Never underestimate the power of affirmation and encouragement.
My friend Trent and I recently ran a race together. We signed up for two different distances, so our competitions didn’t coincide. He finished well before I did, so I assumed he had left. It was a cold and windy day after all.
As I neared the finish line I was completely spent, ready to give up. I had given it my all and was in quite a lot of pain. I had about half of a mile left but it felt like twenty miles were ahead in my mind.
Then, out of the corner of my eye, I saw Trent. He cheered me on. He reminded me that the finish line was just around the corner. I picked up my pace. I thought, “I can do this.”
As I rounded the corner I saw my wife and two boys at the finish line, cheering me to the end. (Side note: my favorite moment was that my oldest son actually hopped the barricade and ran the last tenth of a mile with me to the finish line.)
Never underestimate the power of affirmation and encouragement. Cheers in the race are potent and life-giving. I’m sure you’ve experienced this in a variety of ways.
I want to remind us of the command to encourage one another in Hebrews 10:25. I want to connect it to two kinds of opportunities.
The first opportunity relates to those who are undergoing a trial (which pretty much includes everyone). This past Sunday we gave opportunity during our corporate gathering to express the pain that comes with trial. Some chose to do that privately in their seat. Others chose to come forward and kneel at the steps which are connected to the stage upfront. It was a reminder that many are hurting, and you could observe specific individuals expressing that in the room.
Hurting people often feel all alone. As in a race, they are putting one foot in front of the other, not sure they can go another step. Your words of encouragement would be a powerful push forward. Offering to pray with them or simply listen over a cup of coffee might be the kindest gesture they have received in a long time.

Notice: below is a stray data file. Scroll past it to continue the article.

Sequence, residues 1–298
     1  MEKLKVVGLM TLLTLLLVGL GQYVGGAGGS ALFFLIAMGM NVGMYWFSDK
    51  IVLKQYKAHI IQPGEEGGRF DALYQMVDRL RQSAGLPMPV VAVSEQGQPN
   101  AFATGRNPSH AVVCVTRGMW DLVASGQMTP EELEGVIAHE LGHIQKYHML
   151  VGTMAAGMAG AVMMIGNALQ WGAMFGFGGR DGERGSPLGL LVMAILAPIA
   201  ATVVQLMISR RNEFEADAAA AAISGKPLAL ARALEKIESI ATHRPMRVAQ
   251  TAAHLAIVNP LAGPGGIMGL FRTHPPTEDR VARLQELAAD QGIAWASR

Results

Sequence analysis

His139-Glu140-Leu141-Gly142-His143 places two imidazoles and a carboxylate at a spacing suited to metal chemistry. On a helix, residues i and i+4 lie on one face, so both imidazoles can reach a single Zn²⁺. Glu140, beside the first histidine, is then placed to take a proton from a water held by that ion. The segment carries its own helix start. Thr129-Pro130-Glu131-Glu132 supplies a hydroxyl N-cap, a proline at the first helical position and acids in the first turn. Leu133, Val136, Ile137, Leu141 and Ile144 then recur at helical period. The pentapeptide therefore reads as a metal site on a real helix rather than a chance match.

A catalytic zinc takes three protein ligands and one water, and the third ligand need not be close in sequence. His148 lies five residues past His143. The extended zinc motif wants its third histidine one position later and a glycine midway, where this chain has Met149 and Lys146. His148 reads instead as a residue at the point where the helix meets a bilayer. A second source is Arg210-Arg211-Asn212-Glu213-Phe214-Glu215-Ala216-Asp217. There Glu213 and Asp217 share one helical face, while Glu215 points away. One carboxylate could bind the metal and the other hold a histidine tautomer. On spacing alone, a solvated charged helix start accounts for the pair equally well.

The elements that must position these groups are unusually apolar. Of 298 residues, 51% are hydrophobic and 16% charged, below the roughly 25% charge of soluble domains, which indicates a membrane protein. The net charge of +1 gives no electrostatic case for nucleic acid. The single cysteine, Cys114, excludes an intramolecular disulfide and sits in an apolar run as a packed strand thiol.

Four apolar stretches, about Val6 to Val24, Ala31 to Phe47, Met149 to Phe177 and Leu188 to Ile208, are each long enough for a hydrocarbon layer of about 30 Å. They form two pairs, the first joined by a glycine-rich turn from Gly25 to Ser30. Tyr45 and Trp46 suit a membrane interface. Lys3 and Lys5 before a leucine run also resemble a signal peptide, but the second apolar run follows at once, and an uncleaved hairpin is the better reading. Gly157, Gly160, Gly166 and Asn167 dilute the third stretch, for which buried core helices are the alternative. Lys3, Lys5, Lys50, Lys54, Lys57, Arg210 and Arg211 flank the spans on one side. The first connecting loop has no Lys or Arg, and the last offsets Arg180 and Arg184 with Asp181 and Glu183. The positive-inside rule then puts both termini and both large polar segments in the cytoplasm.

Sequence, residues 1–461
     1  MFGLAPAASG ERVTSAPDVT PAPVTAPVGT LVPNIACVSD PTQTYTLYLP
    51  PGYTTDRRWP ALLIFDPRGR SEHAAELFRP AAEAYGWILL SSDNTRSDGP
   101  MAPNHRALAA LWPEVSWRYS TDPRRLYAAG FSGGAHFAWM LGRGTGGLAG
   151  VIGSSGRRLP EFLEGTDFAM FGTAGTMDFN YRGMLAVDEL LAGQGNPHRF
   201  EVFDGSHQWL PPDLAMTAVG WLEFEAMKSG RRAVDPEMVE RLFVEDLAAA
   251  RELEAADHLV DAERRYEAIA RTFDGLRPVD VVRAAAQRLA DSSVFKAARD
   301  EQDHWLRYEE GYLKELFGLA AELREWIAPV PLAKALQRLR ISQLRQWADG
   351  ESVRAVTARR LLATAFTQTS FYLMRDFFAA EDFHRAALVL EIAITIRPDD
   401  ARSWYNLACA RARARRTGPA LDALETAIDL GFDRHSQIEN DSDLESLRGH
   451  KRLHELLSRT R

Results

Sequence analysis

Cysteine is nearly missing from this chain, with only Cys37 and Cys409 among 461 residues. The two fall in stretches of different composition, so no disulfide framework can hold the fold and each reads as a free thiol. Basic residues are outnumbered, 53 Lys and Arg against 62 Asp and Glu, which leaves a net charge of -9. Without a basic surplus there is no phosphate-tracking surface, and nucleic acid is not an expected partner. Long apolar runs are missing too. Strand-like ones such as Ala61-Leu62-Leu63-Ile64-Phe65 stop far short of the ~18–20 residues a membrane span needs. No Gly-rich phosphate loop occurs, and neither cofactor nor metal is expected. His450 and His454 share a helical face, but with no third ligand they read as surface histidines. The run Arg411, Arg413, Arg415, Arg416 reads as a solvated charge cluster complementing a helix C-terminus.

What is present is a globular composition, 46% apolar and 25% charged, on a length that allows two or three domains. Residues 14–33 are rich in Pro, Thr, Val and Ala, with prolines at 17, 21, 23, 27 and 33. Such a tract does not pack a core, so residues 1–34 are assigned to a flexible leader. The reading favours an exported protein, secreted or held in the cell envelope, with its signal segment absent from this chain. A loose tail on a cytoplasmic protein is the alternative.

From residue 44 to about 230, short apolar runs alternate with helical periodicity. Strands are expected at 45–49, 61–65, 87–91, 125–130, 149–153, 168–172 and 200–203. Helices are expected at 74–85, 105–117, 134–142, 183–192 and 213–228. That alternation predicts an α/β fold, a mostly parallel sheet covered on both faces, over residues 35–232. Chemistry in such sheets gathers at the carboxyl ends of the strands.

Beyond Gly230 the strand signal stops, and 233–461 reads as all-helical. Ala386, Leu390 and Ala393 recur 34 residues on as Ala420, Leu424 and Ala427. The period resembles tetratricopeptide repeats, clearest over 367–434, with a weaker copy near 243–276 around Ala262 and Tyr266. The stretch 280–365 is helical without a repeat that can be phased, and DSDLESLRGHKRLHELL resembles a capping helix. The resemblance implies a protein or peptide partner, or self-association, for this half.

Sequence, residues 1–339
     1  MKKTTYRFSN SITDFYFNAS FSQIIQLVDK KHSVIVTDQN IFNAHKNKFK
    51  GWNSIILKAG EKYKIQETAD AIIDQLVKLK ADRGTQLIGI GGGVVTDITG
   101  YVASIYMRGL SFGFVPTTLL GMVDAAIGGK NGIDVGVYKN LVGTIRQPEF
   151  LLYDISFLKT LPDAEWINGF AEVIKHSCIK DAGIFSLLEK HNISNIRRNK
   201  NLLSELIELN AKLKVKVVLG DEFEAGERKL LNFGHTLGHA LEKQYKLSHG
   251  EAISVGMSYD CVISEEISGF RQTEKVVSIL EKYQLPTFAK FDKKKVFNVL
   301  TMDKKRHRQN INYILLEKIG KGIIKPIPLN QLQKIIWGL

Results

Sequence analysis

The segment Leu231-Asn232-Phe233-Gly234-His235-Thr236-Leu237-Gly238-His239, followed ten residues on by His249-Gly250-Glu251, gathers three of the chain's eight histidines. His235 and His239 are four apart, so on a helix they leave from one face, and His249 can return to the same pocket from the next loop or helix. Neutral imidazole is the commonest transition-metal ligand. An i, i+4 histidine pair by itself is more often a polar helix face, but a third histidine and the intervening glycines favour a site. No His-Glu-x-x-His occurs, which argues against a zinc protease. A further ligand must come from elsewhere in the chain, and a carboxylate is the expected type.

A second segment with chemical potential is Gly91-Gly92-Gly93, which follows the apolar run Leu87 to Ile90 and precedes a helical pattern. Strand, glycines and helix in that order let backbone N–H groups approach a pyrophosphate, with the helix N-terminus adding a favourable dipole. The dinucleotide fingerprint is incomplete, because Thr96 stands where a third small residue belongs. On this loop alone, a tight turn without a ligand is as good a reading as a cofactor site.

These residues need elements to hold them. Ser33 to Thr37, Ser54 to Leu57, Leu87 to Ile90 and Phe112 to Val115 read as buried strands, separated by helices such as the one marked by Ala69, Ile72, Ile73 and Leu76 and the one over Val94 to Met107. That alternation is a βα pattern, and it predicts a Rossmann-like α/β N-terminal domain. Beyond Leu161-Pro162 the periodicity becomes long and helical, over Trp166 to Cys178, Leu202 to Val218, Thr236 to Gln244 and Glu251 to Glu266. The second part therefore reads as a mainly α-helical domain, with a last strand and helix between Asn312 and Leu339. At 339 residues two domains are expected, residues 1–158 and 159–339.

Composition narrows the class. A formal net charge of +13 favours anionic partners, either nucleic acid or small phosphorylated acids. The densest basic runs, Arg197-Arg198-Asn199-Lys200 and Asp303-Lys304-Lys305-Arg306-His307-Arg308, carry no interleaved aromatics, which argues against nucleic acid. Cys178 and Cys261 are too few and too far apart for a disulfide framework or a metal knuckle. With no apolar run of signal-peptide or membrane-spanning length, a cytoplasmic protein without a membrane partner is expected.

You may be aware of someone who is hurting in your own circle of relationships. Or, maybe you noticed someone go forward or express grief right there in their seat on Sunday morning. Take a step this week and encourage them in some way (without using the phrase, “Count it all joy” – you had to hear the sermon if you don’t know what I mean).
The second opportunity relates to awesome people. I’ve concluded that typically, awesome people don’t know they are awesome. Here is what I mean: there was a time I evaluated my own practice of affirmation and encouragement and I realized I never affirmed those whom I put on the pedestal of awesome. I figured they knew what a great job they were doing and didn’t need to hear affirmation. I was wrong. I’ve come to recognize that they simply don’t know they are awesome and struggle to know how well they are doing or if their ministry is making an impact. Tell awesome people they are awesome.
It could be someone who does little tasks faithfully every week. It could be someone who does big tasks every week. It could be someone who is an encouragement to you in how they share their faith, how they pray, how they listen, how they work hard week in and week out, or how they raise their children. It doesn’t matter what it is. If you notice it as a job well done then let them know. They probably need to hear it.
Your words of affirmation and encouragement could make a huge difference today in someone’s life. Pull the trigger and encourage someone.